Dating prehistoric remains
Cody Martinez, tribal chairman of the Sycuan Band of the Kumeyaay Nation, said the discovery is consistent with traditional beliefs that the Kumeyaay have lived in the area, “since time immemorial.”“It’s really neat, to have a find like that,” Martinez said.
“It’s an exciting surprise and definitely does fit in line with the traditional creation story of the Kumeyaay people.”Natural History Museum President and CEO Judy Gradwohl, who came from a previous post at the Smithsonian Institution in Washington, D.
Recent developments in that process allow them to analyze the isotope ratios more accurately over smaller samples, Pace said.
He painstakingly studied samples across the bones, and came up with a date of 130,000 years old, plus or minus 9,400 years.
The dates reported in this study form the biggest set of direct dates on rock art in South Africa and the only direct dates ever obtained in Botswana and Lesotho.
Lead author, Bonneau, concludes in the paper: "This protocol is a step forward in the field of rock art dating by reducing the sample size to be collected, by optimising the success rate of such dating, and by limiting the impact on such valuable paintings while providing new chronological insights." Explore further: New technology for dating ancient rock paintings More information: Adelphine Bonneau et al.
C., said it’s not hard to see why people could have migrated to the temperate, coastal region thousands of centuries ago.“As a recent transplant to this region, my personal conclusion about this research is that even early humans wanted to live in San Diego,” she said.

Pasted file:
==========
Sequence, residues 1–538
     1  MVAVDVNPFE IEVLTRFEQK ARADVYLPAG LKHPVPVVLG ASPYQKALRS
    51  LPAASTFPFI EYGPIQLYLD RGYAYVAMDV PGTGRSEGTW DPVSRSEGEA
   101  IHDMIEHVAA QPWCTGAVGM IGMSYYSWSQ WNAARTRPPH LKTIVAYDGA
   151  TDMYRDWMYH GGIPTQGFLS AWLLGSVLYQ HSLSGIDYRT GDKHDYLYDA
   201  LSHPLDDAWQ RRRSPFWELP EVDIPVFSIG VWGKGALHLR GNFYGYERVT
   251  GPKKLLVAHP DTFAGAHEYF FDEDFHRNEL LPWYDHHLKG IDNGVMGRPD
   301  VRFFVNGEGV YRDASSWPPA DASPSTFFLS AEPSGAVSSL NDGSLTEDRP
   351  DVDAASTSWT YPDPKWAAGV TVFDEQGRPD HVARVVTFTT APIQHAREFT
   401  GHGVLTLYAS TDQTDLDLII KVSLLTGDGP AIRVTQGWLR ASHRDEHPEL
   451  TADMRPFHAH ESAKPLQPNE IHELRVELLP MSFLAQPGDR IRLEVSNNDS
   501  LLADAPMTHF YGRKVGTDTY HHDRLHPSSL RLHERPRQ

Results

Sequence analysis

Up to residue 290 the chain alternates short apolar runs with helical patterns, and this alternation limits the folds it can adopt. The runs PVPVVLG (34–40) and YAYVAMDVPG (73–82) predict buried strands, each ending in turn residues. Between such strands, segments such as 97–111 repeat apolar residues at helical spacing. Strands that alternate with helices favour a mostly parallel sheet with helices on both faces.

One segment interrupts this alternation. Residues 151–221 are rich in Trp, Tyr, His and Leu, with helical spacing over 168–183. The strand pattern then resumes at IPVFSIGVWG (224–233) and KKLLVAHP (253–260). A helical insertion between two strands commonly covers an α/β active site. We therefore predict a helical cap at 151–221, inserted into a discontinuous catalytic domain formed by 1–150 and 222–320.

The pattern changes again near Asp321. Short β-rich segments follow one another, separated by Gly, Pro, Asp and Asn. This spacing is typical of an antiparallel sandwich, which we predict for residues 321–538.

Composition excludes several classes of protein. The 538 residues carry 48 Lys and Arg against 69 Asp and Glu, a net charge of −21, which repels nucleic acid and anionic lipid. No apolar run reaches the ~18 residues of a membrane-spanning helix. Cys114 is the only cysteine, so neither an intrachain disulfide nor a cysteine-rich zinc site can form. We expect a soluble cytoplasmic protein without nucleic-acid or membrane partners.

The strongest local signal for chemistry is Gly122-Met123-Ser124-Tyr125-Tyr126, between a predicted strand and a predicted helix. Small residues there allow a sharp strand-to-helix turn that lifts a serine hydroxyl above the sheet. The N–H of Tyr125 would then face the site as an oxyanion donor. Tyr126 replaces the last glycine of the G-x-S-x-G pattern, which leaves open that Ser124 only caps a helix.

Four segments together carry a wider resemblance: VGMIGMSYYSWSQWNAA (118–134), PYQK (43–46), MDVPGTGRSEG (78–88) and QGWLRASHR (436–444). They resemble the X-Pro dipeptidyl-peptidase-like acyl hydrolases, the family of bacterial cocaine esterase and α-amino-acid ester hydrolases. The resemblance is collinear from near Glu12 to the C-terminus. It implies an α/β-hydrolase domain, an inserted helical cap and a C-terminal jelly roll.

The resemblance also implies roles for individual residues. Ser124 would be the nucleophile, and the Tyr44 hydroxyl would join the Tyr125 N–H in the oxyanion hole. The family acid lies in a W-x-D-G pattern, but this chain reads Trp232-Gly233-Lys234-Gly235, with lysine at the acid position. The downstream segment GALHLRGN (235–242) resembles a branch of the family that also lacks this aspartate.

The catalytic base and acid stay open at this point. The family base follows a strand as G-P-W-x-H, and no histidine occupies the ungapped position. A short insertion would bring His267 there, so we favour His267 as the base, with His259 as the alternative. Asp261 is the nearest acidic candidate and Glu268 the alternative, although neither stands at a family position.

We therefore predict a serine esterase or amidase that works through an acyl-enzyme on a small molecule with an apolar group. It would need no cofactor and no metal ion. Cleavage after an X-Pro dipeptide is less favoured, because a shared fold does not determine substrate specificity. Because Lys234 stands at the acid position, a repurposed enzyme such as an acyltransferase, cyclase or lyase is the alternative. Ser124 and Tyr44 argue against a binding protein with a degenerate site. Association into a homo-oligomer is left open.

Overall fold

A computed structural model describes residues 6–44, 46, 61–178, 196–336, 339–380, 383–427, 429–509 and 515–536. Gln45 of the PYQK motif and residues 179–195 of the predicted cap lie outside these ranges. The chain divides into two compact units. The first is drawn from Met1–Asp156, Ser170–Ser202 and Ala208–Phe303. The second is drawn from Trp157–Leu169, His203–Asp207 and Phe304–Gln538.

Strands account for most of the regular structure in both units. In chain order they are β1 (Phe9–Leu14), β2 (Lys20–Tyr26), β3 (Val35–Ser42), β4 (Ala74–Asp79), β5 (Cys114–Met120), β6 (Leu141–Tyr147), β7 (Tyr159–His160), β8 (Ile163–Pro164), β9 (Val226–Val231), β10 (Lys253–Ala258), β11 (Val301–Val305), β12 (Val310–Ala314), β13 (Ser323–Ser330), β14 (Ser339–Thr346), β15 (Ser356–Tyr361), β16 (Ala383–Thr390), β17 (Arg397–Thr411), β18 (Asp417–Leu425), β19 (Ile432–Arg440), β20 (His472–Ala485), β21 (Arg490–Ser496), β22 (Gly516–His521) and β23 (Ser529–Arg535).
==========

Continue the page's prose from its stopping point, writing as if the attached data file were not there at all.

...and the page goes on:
The findings rewrite the story of human expansion to the New World, scientists said, and illuminate the wanderlust that drove ancient people to test the boundaries of their world.“Humans, we’re curious,” said Tom Demere, a co-author of the study and curator of paleontology for the San Diego Natural History Museum. Early on, paleontologists suspected that something didn’t add up.This finding has profound implications for our understanding of hunter-gatherer religion in southern Africa." Research was conducted in the Thune Dam in Botswana, the Metolong Dam area in the Phuthiatsana Valley of Lesotho, and the Drakensberg Escarpment of the Eastern Cape in the 'Nomansland' region of South Africa.A total of 43 new dates were produced from these three areas, including the first direct dates on rock paintings ever in Botswana and Lesotho.In a study published in the international journal Antiquity, Professor David Pearce, Director of the Rock Art Research Institute at the University of the Witwatersrand, Johannesburg, Adelphine Bonneau of Laval University, Canada, and colleagues at the University of Oxford showed that paintings in south-eastern Botswana are at least 5500 years old, whilst paintings in Lesotho and the Eastern Cape Drakensberg, South Africa, date as far back as 3000 years.The findings represent a major breakthrough in archaeological research.